As dark and sad as the lyrics were, they made millions feel like their agony was normal, he helped people to keep on fighting. His music and his words helped keep all the broken pieces together even if it was just for the length of a song, an album, a concert.

It felt like he held us all together, but in the end he couldn’t fix himself.

His voice echos in my mind now, just like Chris Cornell’s – two incredibly talented and loving people who just got it.

Countless nights I went to sleep listening to Crawling, Numb, In The End and Somewhere I Belong – it was an outlet for my own problems and many times; listening to Linkin Park was my salvation.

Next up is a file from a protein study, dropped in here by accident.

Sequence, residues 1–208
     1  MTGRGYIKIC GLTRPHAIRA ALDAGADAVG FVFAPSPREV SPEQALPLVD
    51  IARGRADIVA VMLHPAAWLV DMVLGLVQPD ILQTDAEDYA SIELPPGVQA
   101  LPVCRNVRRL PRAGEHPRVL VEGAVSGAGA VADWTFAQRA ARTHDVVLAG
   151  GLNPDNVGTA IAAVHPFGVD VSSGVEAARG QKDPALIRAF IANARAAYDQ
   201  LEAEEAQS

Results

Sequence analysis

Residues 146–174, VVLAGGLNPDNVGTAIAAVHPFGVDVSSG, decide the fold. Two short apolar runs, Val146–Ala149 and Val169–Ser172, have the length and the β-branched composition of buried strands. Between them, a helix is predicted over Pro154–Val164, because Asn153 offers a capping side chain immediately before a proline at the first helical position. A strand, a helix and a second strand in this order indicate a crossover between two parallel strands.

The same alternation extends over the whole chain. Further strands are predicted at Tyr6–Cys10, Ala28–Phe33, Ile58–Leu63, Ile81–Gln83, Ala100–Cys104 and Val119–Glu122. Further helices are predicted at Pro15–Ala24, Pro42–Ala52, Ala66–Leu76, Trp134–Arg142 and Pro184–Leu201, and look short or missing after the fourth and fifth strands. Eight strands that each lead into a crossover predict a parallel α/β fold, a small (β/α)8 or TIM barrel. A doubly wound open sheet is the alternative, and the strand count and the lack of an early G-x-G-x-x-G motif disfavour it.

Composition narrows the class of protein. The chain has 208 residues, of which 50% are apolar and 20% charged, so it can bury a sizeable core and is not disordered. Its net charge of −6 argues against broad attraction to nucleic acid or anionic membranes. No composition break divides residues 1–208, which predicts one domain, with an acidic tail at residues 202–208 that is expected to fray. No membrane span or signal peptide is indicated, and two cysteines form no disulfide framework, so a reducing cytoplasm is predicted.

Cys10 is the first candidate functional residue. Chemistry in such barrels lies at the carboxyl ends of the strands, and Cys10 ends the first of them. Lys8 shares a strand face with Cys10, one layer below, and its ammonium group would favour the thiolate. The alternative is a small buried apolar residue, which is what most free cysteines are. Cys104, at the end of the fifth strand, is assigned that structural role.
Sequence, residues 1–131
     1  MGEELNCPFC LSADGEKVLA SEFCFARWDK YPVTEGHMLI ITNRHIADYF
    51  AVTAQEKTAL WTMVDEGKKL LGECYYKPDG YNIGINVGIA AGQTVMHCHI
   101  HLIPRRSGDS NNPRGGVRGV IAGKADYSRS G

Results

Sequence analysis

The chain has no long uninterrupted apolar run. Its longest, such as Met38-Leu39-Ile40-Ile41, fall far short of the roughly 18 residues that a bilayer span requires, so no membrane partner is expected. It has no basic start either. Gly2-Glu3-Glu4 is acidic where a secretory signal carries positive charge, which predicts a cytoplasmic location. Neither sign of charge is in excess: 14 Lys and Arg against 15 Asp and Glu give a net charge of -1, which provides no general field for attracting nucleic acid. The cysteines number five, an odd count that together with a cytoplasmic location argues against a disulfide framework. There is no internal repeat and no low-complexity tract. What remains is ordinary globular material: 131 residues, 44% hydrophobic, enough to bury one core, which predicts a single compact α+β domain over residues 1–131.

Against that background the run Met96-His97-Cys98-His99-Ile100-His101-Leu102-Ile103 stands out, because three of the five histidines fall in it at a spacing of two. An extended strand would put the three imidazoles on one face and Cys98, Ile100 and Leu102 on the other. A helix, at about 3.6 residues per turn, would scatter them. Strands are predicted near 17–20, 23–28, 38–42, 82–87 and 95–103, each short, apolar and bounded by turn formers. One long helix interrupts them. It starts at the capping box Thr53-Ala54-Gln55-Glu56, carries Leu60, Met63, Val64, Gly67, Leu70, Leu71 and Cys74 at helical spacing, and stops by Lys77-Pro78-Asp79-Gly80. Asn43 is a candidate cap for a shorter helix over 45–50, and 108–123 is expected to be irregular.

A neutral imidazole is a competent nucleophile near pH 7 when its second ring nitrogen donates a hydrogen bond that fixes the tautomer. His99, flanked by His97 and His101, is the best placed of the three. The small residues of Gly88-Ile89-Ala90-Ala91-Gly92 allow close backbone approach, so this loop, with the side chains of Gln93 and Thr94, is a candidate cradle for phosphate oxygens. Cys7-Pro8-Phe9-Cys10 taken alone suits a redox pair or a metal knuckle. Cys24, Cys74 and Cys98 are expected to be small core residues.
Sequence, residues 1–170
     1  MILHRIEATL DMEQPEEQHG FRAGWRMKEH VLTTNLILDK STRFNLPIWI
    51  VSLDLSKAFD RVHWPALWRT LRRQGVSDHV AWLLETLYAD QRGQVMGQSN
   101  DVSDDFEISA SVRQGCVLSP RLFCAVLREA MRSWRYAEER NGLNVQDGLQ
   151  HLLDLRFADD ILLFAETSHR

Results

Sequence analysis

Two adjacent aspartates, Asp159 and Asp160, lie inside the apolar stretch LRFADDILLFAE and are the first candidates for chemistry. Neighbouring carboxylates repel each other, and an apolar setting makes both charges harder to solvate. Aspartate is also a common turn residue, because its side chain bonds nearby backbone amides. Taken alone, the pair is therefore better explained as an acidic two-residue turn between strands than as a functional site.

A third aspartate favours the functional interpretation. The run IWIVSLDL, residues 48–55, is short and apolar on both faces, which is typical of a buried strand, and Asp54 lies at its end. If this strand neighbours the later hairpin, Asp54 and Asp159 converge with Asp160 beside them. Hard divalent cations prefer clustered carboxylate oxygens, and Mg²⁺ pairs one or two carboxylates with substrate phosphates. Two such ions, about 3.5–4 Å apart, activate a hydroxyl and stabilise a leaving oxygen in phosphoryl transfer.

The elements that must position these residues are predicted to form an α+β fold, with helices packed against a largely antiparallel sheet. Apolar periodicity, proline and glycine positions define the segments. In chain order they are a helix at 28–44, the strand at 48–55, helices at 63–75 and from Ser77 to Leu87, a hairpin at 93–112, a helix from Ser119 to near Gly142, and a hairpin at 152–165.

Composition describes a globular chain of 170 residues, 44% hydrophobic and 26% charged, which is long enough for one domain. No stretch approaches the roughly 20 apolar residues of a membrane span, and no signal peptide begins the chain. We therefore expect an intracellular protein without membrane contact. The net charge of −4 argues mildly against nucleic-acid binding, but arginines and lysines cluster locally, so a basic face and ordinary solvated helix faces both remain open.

In my darkest moments Linkin Park were there, Chester’s lyrics lingered, they will linger now forever more.

When I wanted to scream, Chester screamed for me. It was clear music was his therapy, and listening to his torment was therapy for me. Maybe that was selfish, it feels selfish now, but hearing his pain made mine feel normal, that we were all going through the same thing.

“I don’t know if anyone can relate, but I have a hard time, a hard time with life sometimes,” Chester hauntingly said in one of his last interviews.

“No matter how I’m feeling, I always feel myself struggling with certain patterns of behaviour. I find myself like stuck in like the same thing at keeps repeating over and over again.